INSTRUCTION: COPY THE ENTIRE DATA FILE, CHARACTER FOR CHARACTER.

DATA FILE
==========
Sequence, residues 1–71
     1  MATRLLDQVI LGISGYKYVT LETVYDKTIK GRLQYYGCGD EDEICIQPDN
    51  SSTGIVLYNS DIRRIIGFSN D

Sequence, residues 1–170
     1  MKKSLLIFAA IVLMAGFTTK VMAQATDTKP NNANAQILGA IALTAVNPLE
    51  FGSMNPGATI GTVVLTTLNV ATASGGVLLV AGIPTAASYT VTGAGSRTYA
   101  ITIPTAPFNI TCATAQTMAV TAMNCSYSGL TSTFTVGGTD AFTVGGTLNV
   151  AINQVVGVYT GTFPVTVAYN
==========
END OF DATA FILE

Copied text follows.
Sequence, residues 1–71
     1  MATRLLDQVI LGISGYKYVT LETVYDKTIK GRLQYYGCGD EDEICIQPDN
    51  SSTGIVLYNS DIRRIIGFSN D

Sequence, residues 1–170
     1  MKKSLLIFAA IVLMAGFTTK VMAQATDTKP NNANAQILGA IALTAVNPLE
    51  FGSMNPGATI GTVVLTTLNV ATASGGVLLV AGIPTAASYT VTGAGSRTYA
   101  ITIPTAPFNI TCATAQTMAV TAMNCSYSGL TSTFTVGGTD AFTVGGTLNV
   151  AINQVVGVYT GTFPVTVAYN